-- interesting note: in the fourth and fifth, both Verlander and Fister went six up and six down with the hitters they both faced
-- in the sixth, Lopez got a hit! Hooray!
-- something odd: Josh Wilson doubled after his error and until the eighth was the only runner the Mariners had put into scoring position. The odd thing is that the double was in the second inning with two out. Thus, I really don't have a lot of Mariner blown chances about which to write. They seriously got nothing going offensively from innings two through seven...aside from the totally isolated solo shot from Gutierrez in the sixth, which came out of nowhere.
-- now, the Ichiro/Figgins stat. Ichiro went hitless in the game and didn't score, whereas Figgins went 1-for-3 and scored a run. The Mariners remain 8-2 when both players score and 7-13 when both collect hits.
1) Milton Bradley
I'm not sure if he needed this kind of game more than we all did as fans. That home run in the first inning wasn't drilled like the Jay Buhner called shot earlier this season, but a lot has happened since that homer, and this one might have been just as important, if not more important. He wasn't done, however, as he singled in the eighth inning to break the tie and give the Mariners the lead they never relinquished. Bradley drove in three of the Mariners' five runs on the night, though with a bonus point to Figgins for sliding to the outside on the go-ahead run. The Mariners sure could use some nights of power out of a couple players in their lineup, and Bradley's production can only help. His numbers still aren't too sparkling -- he is at .234 with an on-base percentage of .314, and he slugs .383 -- but that .234 average is still better than Figgins and Lopez, and those two guys have played just about every game this season, if not every game.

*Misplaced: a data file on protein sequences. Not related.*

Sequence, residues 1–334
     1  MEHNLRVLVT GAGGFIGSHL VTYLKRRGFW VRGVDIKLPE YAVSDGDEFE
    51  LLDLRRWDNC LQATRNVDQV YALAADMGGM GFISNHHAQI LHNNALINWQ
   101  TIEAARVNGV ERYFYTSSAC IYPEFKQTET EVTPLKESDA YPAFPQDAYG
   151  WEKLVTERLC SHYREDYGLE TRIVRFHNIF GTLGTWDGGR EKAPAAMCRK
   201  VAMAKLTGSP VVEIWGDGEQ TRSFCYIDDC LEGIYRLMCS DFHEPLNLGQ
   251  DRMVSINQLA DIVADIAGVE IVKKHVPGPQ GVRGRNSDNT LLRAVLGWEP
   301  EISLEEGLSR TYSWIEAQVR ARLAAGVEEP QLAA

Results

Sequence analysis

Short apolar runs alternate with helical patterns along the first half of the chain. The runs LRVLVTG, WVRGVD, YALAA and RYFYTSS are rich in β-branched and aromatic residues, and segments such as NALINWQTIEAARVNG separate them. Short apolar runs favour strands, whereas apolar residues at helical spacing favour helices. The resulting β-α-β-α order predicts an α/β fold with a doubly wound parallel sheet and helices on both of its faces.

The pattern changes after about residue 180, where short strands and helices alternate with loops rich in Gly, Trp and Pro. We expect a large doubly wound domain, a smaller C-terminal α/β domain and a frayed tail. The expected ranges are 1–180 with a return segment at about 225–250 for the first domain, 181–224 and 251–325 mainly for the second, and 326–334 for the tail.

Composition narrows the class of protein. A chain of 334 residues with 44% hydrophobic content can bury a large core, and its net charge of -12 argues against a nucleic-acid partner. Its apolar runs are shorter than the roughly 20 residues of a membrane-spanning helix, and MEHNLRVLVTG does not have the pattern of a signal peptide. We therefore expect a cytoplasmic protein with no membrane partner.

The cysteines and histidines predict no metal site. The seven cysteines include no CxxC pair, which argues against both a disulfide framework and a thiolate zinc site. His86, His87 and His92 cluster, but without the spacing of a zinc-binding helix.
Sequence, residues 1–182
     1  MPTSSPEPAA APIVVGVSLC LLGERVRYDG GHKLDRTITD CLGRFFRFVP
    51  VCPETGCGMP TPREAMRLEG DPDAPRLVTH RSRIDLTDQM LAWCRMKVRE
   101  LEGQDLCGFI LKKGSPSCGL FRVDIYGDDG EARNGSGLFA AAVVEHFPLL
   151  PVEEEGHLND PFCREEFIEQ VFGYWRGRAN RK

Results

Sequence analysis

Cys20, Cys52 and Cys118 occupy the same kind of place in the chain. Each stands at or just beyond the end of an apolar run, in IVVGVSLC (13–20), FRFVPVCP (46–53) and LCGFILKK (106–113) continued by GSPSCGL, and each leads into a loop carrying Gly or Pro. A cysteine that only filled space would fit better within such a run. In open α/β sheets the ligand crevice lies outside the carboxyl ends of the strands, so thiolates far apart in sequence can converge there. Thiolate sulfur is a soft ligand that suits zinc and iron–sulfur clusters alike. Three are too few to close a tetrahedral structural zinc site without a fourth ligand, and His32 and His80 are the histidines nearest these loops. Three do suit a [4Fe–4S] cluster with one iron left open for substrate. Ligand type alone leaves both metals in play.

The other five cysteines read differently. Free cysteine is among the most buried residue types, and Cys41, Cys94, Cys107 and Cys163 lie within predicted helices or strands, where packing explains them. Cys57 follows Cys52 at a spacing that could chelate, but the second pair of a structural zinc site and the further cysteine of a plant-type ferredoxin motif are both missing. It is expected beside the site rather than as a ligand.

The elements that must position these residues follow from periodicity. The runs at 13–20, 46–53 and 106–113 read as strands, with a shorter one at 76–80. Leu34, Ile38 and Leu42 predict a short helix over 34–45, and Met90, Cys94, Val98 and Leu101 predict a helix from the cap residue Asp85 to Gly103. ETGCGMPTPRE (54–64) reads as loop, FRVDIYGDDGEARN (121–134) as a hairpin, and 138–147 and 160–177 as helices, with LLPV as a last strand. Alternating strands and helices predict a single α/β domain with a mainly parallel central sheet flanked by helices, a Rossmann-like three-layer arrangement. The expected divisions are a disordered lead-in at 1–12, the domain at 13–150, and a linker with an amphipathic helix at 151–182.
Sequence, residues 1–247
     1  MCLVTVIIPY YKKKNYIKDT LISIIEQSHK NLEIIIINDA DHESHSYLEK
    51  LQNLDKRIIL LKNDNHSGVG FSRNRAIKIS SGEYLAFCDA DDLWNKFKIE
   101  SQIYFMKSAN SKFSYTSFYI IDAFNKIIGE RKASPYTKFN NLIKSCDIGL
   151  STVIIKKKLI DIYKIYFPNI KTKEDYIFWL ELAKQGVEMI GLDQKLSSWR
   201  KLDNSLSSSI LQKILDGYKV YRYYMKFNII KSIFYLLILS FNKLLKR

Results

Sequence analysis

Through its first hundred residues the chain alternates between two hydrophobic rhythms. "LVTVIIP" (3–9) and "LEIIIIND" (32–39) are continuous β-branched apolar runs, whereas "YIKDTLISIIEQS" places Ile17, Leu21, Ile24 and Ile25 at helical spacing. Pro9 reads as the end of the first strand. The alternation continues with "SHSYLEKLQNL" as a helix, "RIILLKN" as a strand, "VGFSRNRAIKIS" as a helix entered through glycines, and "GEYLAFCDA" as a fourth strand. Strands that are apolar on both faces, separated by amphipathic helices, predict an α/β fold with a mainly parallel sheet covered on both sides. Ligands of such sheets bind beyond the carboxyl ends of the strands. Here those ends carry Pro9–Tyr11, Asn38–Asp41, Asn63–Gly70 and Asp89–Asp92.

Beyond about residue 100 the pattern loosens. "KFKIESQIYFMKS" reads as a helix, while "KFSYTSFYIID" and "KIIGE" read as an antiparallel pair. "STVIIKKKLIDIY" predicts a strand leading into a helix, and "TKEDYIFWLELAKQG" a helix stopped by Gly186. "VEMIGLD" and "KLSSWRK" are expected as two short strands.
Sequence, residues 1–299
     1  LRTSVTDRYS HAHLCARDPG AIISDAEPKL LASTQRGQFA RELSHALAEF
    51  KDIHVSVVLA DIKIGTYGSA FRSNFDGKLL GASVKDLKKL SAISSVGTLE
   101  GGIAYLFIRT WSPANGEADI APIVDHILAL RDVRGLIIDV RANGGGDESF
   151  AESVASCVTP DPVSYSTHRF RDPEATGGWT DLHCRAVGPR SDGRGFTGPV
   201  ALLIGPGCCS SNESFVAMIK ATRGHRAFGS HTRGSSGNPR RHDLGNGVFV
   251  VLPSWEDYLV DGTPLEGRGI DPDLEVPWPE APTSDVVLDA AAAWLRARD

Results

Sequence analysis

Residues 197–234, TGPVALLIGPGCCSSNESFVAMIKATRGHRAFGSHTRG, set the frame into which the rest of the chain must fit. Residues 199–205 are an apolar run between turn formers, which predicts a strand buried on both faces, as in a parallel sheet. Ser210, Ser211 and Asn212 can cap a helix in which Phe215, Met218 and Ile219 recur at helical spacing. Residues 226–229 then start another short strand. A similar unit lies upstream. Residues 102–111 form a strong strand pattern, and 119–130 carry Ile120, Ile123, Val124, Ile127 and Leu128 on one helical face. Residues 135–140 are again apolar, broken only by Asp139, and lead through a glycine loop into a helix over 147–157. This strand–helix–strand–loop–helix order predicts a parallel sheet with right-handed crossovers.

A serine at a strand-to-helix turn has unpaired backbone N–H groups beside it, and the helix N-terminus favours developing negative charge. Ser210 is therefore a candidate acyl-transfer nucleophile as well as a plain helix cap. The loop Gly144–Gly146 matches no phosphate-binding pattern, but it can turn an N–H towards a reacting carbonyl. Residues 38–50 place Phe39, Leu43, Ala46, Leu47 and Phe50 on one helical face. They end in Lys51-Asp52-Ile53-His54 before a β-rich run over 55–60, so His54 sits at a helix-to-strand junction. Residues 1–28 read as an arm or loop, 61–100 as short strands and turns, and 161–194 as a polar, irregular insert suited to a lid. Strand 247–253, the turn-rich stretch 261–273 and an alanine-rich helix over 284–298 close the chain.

2) Doug Fister
He continues to not disappoint, this time throwing another seven solid innings with few hiccups. I talked about the second inning, and frankly, that inning should have been over if not for Josh Wilson misplaying a grounder hit right at him. In the third, he was in a bit of a jam with runners on the corners and one out, but he got Don Kelly to line out (to Figgins) into a double play to end the inning. That was the first of eight hitters he retired before Brandon Inge destroyed one of his pitches, depositing it into the far end of the Mariner bullpen (no small feat, and apparently a 411-foot shot) to give the Tigers a 3-2 lead that fortunately didn't last through the bottom half of the same inning. Fister retired the final four hitters he faced, including a 1-2-3 seventh inning. His average per-start line: 6 2/3 innings, 1.7 runs (1.6 earned), 5.4 hits, 1.1 walks, 2.9 strikeouts, 100 pitches (64 strikes), 10.4 groundouts, 5.7 flyouts.